It is estimated that 80% of all money that flows into a hospital is the responsibility of the Patient Access Services Representative. In fact, the initiation and arguably most important step of the Revenue Cycle is Registration, which is the focus of the Patient Access Department. Essentially all other departments, at least on the clinical and financial side of a hospital, depend on the information that is collected by the Patient Access Representative.
The Patient Access Associate, or Registrar, is responsible for the documentation of what will evolve into the patient’s medical record. This collected information will then be passed to clinicians, Patient Accounts, Health Information Management, and other dependent hospital departments. Thus the creation of the initial record is one of the most important aspects of the Patient Access Associate’s job, and this data is most typically collected through the Registrar’s interview with the patient, ideally before any other services are conducted. Bearing this in mind, the capacity for quality customer service and productive patient interviewing skills is highly important for the Patient Access Representative.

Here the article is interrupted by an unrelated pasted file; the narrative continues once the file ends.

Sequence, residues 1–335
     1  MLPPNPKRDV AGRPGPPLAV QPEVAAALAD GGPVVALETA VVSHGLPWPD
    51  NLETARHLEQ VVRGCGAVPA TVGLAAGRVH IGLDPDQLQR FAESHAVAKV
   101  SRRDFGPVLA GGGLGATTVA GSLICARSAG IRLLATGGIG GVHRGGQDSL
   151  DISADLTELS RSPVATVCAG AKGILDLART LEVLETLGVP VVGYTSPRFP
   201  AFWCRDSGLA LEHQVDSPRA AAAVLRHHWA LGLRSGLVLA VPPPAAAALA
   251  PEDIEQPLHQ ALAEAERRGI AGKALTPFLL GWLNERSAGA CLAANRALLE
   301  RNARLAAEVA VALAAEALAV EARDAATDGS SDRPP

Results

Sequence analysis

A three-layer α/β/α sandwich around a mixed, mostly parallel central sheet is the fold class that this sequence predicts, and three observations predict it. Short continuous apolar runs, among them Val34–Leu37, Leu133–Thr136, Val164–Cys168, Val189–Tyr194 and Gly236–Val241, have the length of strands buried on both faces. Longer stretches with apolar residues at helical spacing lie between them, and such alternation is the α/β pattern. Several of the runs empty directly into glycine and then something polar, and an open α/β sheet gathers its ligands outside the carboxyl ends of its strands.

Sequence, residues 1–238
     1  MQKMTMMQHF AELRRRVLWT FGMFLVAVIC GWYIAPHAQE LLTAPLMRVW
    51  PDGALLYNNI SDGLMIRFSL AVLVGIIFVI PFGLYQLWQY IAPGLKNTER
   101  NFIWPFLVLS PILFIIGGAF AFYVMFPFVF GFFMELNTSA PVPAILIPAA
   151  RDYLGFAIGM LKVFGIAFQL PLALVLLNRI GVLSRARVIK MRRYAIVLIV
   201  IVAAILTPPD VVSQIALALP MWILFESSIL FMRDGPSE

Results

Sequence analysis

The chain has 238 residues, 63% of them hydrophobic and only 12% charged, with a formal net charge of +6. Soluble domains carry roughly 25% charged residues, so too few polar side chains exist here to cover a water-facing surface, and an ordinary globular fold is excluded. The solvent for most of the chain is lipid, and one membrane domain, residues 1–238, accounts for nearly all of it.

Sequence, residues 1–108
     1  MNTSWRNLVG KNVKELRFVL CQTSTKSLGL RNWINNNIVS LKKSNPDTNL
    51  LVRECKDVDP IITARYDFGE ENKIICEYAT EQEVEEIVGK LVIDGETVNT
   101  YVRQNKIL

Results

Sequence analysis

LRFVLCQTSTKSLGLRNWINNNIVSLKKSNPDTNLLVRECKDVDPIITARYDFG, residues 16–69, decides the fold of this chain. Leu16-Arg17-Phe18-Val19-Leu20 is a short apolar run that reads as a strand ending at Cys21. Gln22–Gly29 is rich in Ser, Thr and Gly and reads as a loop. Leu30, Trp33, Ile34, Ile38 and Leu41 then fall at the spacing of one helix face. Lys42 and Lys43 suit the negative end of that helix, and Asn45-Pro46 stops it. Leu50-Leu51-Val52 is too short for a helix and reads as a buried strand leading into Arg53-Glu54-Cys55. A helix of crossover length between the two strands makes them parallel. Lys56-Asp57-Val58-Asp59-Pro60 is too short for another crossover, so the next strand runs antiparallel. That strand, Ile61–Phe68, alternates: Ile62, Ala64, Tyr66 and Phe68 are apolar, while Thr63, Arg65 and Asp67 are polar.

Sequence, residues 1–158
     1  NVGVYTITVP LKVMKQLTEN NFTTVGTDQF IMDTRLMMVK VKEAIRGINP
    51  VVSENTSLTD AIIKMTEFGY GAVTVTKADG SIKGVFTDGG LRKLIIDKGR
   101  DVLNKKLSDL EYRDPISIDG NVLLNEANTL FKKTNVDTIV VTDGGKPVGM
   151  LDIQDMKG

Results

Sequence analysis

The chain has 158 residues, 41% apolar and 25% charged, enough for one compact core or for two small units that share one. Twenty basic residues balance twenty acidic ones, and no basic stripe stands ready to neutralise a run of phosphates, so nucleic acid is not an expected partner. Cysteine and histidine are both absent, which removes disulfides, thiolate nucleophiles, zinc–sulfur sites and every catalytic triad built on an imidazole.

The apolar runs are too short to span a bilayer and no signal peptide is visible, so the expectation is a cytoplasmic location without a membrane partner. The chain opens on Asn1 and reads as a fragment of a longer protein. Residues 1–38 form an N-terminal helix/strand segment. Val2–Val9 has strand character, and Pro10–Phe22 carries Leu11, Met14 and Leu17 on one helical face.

The point of the interview is to solicit information from the patient. Some of the important information collected includes:
- Date of Birth
- Social Security Number
- Address and Phone Numbers
- Ethnicity/Race and Primary Language
- Insurance Information
- Primary and Referring Physician
The Patient Access Registrar is responsible for the input of all of the patient’s payment information, including insurance, ability to pay, and subscriber data collection. The successful Registrar should be highly knowledgeable of types of insurance, be it various government plans (i.e. Medicare), commercial plans (i.e. Blue Cross), and patient liability and self-pay programs. The Patient Access Representative must also determine the policyholder, or subscriber. Usually this information is found on the patient’s insurance card, but often determining the policyholder involves a string of imperative questions about employers and the patient’s relationship to the insurance subscriber.
The patient interview can be complicated by a number of factors, most obviously the patient’s ability to converse and answer the Registrar’s questions. The Patient Access Representative in the Emergency Room must expect to deal with patients who are severely injured, in a state of panic, or even unconscious.